Uh-oh! It turns out that electric vehicles— or at the least the materials making up their batteries— are not all that safe for human health despite their role in reducing carbon emissions. That is, according to the European Union, which may soon classify lithium metal as a hazard to humans.
As a result, major lithium producer Albemarle Corp (NYSE: ALB) may have to cease production at its Langelsheim plant in Germany should the EU make the move to classify the metal as a hazardous material, the company’s CFO Scott Tozier told Reuters. Lithium is an integral material in the manufacturing of electric vehicle batteries, and a critical commodity in cutting global carbon emissions, particularly among EU nations.
However, counterproductive to the EU’s climate-conscious agenda, the European Commission is in the midst of determining whether lithium carbonate, chloride, and hydroxide pose a risk to human health after receiving a proposal from the European Chemicals Agency (ECHA). Although the proposal does not outlaw the imports of lithium, it would restrict the use of the commodity and create additional costs for companies related to the material’s processing, packaging, and storage.
“Albemarle would no longer be able to import our primary feedstock, lithium chloride, putting the entire (Langelsheim) facility in jeopardy of closure,” warned Tozier in an email. “With sales of approximately $500 million annually, the economic impact to Albemarle from the potential closure would be significant.” A committee is expected to meet in early July to discuss the ECHA’s proposal, but aren’t expected to make a final decision until sometime at the end of 2022 or early 2023.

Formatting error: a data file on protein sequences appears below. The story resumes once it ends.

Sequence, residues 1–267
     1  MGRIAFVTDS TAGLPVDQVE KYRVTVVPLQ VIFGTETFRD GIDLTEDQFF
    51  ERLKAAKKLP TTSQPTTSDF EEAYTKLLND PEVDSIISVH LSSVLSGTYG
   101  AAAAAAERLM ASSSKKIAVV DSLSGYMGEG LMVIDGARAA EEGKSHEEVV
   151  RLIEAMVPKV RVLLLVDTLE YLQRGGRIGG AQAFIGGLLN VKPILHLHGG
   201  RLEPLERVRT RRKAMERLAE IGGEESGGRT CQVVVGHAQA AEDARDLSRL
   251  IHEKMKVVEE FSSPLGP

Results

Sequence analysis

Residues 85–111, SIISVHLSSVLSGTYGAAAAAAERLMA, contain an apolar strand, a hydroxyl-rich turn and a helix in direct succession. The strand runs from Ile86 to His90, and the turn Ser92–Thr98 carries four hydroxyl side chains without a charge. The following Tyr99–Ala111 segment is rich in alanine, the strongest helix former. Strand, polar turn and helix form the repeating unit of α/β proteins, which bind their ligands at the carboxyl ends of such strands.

Over the past several years, both the EU and the US have been working on implementing policies to create supply chains independent of China for key electric vehicle, solar, and turbine materials. However, the proposed classification of lithium would “hinder the localization of the EU battery supply chain, and instead move the process to a non-EU location, thereby creating the need to import,” said Tozier. “Future battery recycling and cathode manufacturing would move outside of the EU. Albemarle would not be able to convert materials locally, and any EU lithium raw materials would need to be exported to create cathodes.”
Information for this briefing was found via Reuters. The author has no securities or affiliations related to this organization. Not a recommendation to buy or sell. Always do additional research and consult a professional before purchasing a security. The author holds no licenses.